He wanted to hear that holiday sales would be so good that they would bring the retailers' stocks back to their heydays, when Macy's traded in the $70s and J.C. Penney's in the mid-$40s.
As of Monday's close, Macy's stock was $19.33 a share and J.C. Penney's stock was at $2.95 a share.
"Instead, we heard the same kind of tale of woe, the struggling stories, the same defensive nature, with the only twist being a better control of inventory and a sense that they can continue to plod along," the "Mad Money" host said.
Macy's reported mixed third-quarter results, but the conference call actually had a lot to like, Cramer said. CEO Jeff Gennette touted the company's high dividend and efforts to revamp its loyalty programs.
Similarly, J.C. Penney started to regain control of its excess inventory, showing strength in its in-store Sephora sales and appliances.
But even as J.C. Penney CEO Marvin Ellison spoke about bringing a balance of art and science into retail, Cramer wondered how the brick-and-mortar chain could sufficiently compete with companies like Amazon.
J.C. Penney may recognize what its customers like by reviewing their past purchases, but Amazon's systems already do that and more, offering items at comparable or lower prices.
J.C. Penney has to pay rent, sales staff and have its on- and offline systems up and running; Amazon only needs a seamless online platform.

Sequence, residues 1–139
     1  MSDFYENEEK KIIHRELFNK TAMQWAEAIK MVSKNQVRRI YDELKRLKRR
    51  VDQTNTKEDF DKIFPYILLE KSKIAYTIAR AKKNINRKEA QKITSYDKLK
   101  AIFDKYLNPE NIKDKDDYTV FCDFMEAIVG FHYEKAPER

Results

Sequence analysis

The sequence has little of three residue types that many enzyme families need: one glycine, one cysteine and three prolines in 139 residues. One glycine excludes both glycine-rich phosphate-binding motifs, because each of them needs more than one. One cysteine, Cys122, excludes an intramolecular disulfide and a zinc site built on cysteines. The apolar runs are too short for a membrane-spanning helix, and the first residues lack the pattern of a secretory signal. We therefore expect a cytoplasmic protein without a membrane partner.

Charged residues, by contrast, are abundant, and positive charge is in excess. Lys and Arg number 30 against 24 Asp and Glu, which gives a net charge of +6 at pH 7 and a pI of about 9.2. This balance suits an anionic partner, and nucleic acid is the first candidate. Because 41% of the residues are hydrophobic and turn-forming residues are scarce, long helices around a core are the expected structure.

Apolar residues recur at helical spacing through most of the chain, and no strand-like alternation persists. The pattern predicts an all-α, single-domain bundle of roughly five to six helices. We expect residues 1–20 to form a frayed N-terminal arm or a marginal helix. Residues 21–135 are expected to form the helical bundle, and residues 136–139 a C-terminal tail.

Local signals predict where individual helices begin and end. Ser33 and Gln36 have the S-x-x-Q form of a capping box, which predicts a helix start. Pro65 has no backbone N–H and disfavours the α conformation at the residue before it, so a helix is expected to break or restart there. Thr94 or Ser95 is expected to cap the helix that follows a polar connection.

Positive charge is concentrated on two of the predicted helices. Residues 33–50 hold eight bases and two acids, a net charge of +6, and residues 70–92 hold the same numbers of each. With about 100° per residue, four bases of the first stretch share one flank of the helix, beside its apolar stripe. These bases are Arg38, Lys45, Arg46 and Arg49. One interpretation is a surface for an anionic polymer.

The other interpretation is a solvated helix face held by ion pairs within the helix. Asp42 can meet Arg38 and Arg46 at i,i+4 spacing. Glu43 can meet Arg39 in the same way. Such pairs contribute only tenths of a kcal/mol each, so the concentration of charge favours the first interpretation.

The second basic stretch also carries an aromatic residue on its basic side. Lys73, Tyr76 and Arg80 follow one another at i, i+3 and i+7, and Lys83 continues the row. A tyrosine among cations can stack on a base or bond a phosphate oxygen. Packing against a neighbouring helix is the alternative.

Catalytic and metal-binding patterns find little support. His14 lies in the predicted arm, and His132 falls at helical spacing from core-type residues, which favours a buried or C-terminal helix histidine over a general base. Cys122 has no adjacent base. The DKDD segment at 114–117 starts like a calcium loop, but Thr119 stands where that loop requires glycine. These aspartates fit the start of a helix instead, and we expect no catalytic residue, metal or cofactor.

"Now, look, I don't mean to pick on Macy's or J.C. Penney," Cramer said. "It's just that I have a lot more nostalgia for these chains than for the relative newcomers like Nordstrom and Kohl's ... especially since I grew up in a household where all we did was talk about retail."
Nordstrom and Kohl's are different entities altogether, Cramer said. Nordstrom has less than half of the stores Macy's and J.C. Penney have and is still adding to its count, as is Kohl's. Meanwhile, Macy's is closing 68 stores and J.C. Penney is doing the same with 138 of its own.
But all of these brick-and-mortar chains share the desire to make their stores indispensable, and most of them are talking about installing ways for customers to buy online and pick up in store — "BOPUS, for lack of a better acronym," Cramer said.
However, to Cramer, the BOPUS narrative feels forced for department stores, most of which don't have convenient areas for in-store pickups (save for, perhaps, the strip-mall-based Kohl's).
And if anyone had to re-do Macy's in 2017, they either wouldn't or they would make the retailer an entirely online business, he said.
"That's really the sad fact," Cramer said. "Just like we would never have built cars for humans if we had known that robots could drive them better, we wouldn't have built malls knowing that the internet could be a more efficient ordering system. Yes, there will always be a use for department stores, but they're kind of relics. And there's no reason they need to stay alive."